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Andrew Shouse

Associate Director, UW Institute for Science and Mathematics Education

Andrew Shouse is associate director of the University of Washington Institute for Science and Math Education. He focuses on equitable science education in formal and informal settings, and communication of research to policy and practice audiences. Shouse's work is informed by a breadth of experiences in practice, including teaching elementary and middle grades, science center administration, and policy analysis. Prior to his appointment at UW, Shouse was senior program officer at the National Research Council's Board on Science Education (2003–2008), where he directed two consensus studies and edited the reports Learning Science in Informal Environments: People, Places, and Pursuits (NRC, 2007; with Bell, Lewenstein, and Feder) and Taking Science to School: Learning and Teaching Science in Grades K–8 (NRC, 2007; with Duschl and Schweingruber) and authored (with Michaels and Schweingruber) Ready, Set, Science! Putting Research to Work in K–8 Science Classrooms. Shouse serves on advisory bodies for numerous organizations, including the National Geographic Society, the National Association for Research in Science Teaching, the Pacific Science Center, The Museum of Science and Industry (Chicago), and The NSF Center for Biophotonic Science and Technology at the University of California-Davis. Shouse completed a PhD in curriculum, teaching, and educational policy at Michigan State University in 2005.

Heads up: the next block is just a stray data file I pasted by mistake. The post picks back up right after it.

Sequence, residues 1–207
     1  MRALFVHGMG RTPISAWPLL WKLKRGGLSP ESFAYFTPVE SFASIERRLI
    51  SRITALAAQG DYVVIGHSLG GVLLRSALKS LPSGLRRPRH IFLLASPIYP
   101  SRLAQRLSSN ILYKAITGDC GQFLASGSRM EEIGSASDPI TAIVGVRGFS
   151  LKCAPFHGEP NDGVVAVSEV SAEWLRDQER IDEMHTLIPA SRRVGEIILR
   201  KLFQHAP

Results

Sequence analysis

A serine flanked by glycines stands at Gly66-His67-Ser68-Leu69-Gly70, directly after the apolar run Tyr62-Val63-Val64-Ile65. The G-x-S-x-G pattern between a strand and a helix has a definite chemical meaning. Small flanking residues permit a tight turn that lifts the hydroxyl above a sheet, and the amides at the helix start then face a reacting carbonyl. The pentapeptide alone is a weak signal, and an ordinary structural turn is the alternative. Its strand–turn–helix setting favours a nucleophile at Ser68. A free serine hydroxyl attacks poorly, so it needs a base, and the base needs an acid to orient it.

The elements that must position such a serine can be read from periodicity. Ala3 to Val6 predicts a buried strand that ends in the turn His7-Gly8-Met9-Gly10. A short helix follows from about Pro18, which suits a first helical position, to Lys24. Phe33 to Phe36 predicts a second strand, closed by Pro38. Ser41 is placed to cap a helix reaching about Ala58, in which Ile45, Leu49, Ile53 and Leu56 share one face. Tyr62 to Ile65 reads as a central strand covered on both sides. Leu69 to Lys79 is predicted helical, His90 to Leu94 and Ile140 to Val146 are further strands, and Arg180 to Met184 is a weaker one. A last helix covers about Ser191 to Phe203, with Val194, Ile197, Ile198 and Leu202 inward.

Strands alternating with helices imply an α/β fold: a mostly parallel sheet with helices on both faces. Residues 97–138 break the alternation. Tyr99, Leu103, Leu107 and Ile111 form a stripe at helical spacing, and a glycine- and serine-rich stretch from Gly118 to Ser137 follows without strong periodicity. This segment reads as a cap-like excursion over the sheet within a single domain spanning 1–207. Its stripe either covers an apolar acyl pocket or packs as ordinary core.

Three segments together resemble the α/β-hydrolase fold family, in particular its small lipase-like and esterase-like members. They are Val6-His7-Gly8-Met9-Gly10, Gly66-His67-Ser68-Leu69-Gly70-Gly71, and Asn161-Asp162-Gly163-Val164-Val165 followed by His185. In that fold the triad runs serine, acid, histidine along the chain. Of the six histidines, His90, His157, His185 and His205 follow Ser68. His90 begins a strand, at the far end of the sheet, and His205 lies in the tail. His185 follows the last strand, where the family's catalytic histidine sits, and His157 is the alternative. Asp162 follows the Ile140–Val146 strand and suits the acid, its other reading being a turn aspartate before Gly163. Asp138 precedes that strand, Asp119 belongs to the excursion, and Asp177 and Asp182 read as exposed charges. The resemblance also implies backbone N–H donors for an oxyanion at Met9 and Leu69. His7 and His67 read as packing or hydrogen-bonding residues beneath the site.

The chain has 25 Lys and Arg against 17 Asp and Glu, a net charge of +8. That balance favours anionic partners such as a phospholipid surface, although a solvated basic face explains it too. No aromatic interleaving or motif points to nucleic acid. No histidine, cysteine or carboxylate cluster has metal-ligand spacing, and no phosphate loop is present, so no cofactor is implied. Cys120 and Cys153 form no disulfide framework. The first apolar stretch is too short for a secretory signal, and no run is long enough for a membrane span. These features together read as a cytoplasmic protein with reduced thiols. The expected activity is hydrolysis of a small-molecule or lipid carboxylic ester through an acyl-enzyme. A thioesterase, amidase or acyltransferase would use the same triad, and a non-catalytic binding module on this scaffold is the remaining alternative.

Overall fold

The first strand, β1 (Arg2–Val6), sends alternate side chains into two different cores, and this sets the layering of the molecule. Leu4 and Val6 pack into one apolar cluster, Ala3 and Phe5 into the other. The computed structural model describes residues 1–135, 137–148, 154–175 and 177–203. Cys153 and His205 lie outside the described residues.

Student Voice & STEM Learning
In the context of a federally funded research and development project, the UW Institute for Science and Math Education is collaborating with Sammamish High School, a comprehensive high school serving a socially and economically diverse community in suburban Seattle, to transform that school’s curriculum into a problem-based, STEM-rich experience for all students. STEM opens up opportunities to explore the relevance of subject matter to students, contemporary disciplines, and the workplace. To privilege what is, in fact, relevant to students, we must first unveil it. In this session, we are sharing work related to our efforts to collaborate with teachers and students to elicit student voice to inform curriculum design. Read more